AbstractThis research thesis aimed at investigating the application of relative permeability modification treatment on the Zaafarana Field in the Gulf of Suez. The objective was to build a full study that covers the technical and commercial aspects of the application. The research commenced with a comprehensive literature review that provided the backbone to the work carried out. The literature review covers aspects of reservoir permeability and relative permeability, the dynamics of water-oil displacement, problems of oil fields increased water production and the different available solutions. It then moves to the concept of Relative Permeability Modification (RPM), the prediction techniques, mechanism within the porous media, previous experience, candidate selection indicators and finally its process modelling.
To allow a good understanding of the selected field case, the next part of the research provides background on the Gulf of Suez and the Zaafarana Field. A review is provided of the geological and reservoir characteristics of the field, its development and facilities, its production history, leading to the reasons for the high water production problem in the field. A detailed description is also provided of the Zaafarana static model structure and building parameters. The Zaafarana dynamic model build steps are detailed until a complete history matched model was created.
The next part of the work moved towards describing the modelling methods attempted for modifying the relative permeability which is the main focus of the research and the success achieved through applying the unique flexible restart with Relative Permeability to Water (KRW) reduction method. This method was used with multiple reduction sensitivities on both a single well and at full field scale. The relative permeability to water was reduced by 10, 20, 30, 40 and 50% in the single well modification case. An additional sensitivity of 60% reduction was also modelled on the full field case. The change to KRW was applied in the perforation zones of each well. Overall, the oil ultimate recovery (EUR) is improved in all the wells and across all the reduction scenarios. There was an immediate change in terms of the oil rate increasing and water rate and water cut decreasing. The oil rates were increased by 2% to 51% in the first 3 months post treatment for the 10% to 60% modifications respectively. The oil and water rates returned to the pre-treatment rates within 4-18 months in the different scenarios.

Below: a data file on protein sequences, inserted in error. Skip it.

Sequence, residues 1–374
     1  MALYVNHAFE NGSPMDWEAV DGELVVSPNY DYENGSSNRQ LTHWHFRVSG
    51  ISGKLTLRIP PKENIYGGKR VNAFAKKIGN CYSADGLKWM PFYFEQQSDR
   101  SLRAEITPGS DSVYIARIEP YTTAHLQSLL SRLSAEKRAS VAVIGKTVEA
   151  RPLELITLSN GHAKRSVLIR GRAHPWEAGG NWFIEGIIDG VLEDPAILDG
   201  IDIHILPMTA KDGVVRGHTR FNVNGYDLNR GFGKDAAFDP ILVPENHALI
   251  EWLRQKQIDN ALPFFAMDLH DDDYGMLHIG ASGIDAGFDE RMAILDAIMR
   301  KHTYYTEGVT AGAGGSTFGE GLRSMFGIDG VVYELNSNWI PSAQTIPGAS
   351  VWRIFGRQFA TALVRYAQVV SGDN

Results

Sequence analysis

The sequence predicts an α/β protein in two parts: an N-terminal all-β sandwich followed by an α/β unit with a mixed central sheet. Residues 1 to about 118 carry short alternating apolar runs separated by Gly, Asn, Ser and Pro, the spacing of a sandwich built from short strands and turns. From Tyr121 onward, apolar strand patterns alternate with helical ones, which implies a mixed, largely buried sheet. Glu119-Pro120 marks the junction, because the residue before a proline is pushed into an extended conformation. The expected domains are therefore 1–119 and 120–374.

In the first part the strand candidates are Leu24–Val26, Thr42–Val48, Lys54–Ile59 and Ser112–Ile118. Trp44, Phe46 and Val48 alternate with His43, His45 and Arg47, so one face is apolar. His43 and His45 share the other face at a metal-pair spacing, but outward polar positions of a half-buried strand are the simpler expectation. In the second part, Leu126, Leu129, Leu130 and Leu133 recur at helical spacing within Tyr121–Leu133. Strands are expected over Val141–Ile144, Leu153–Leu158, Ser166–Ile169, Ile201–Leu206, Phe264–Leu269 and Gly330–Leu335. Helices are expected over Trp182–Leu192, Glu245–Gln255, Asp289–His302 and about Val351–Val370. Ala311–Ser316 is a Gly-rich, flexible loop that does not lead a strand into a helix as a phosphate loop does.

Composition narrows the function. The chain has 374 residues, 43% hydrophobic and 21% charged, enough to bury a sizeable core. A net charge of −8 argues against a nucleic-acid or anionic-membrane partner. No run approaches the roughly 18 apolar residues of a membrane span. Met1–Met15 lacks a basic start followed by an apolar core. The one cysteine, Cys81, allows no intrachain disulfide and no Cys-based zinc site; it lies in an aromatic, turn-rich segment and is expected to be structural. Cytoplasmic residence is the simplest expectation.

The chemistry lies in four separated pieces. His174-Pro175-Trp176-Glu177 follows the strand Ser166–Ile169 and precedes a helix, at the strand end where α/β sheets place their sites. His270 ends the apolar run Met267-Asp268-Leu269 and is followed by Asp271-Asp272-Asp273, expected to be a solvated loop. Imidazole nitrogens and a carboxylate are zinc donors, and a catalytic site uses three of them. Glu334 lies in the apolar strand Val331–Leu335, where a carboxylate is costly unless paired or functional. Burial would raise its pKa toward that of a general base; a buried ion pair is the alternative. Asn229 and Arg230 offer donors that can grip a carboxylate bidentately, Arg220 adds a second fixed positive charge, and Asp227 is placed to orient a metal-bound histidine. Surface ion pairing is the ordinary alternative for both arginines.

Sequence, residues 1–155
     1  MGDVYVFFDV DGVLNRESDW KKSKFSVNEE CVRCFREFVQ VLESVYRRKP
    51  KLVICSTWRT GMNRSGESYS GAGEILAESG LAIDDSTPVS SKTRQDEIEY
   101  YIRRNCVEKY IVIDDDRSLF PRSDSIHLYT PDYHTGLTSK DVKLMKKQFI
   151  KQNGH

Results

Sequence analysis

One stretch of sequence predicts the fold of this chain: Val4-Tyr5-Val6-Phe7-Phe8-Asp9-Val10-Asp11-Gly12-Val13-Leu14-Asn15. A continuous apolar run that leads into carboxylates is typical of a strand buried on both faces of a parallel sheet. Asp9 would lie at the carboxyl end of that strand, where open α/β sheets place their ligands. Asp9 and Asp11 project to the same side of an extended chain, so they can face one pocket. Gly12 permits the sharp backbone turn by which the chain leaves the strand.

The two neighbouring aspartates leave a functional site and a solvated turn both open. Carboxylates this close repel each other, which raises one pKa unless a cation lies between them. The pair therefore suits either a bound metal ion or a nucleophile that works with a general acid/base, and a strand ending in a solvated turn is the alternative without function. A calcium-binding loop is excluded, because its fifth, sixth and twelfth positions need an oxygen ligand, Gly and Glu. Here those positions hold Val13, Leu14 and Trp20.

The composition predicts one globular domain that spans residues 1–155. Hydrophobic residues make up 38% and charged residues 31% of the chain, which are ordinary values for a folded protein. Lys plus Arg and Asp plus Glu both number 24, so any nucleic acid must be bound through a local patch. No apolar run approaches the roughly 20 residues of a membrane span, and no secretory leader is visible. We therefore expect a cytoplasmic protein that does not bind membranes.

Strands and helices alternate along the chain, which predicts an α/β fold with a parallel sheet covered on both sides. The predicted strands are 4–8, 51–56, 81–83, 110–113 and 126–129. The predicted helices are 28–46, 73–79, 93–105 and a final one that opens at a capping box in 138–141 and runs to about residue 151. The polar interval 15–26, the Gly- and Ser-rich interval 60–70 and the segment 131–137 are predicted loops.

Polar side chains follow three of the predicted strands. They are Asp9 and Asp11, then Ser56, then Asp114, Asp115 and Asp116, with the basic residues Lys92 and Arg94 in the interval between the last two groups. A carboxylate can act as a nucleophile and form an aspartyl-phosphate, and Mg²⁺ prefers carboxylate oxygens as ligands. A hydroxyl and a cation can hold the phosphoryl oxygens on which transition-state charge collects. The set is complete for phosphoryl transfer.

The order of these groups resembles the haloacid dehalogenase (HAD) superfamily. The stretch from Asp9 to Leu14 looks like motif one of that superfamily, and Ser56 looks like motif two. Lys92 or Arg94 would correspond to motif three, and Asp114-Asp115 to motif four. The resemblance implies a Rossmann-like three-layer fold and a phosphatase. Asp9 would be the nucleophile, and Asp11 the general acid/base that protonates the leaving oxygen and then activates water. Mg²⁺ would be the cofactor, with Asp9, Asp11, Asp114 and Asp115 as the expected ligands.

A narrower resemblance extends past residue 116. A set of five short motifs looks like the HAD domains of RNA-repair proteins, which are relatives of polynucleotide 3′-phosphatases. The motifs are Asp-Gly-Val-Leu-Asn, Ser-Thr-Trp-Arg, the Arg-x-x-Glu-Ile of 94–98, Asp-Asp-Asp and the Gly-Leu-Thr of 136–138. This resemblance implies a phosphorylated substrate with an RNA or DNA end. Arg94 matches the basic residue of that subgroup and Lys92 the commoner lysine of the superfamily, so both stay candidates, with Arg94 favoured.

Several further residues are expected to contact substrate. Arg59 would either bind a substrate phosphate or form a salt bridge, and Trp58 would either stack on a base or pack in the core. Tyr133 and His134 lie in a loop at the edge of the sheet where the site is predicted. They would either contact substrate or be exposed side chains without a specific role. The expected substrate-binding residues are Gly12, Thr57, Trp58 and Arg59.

Additional sensitivities were modelled on the single well modification, whereby the change to KRW was extended to cells beyond the perforation interval; however, this had little impact in terms of additional oil recovery.
To complement the technical achievements with the commercial requirements and to be able to evaluate the technical improvements in terms of Reserves and economic indicators, a cost estimate study and analysis was performed and an economic model was constructed. The resulting production and Capital and Operating Expenditure (CAPEX and OPEX) profiles were included in the economic analysis which provided the improvements in Reserves and Net Present Values (NPVs).
A sensitivity on the mid case was included in the economic analysis, which assumed that the treatment will be repeated every three years. This is supported by the two facts; that it’s a low cost treatment (approximately US$412.5K per well) and that the improvement lasts under 2 years.
|Date of Award||May 2019|
|Supervisor||Mohamed Hassan Sayed (Supervisor), Richard Wheaton (Supervisor) & David Sanders (Supervisor)|